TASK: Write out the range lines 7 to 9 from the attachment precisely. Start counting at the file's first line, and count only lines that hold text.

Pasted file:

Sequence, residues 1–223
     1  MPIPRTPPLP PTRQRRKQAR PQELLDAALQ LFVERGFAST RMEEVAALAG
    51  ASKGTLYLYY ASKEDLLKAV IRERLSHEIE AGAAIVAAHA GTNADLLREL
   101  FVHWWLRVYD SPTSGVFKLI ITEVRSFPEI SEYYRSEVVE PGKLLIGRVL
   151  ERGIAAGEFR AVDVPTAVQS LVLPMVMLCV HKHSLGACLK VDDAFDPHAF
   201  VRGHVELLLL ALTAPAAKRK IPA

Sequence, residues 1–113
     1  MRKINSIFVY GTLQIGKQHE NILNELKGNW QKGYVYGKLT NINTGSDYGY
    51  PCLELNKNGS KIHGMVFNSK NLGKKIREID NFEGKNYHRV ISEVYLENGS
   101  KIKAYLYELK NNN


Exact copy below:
Sequence, residues 1–113
     1  MRKINSIFVY GTLQIGKQHE NILNELKGNW QKGYVYGKLT NINTGSDYGY
    51  PCLELNKNGS KIHGMVFNSK NLGKKIREID NFEGKNYHRV ISEVYLENGS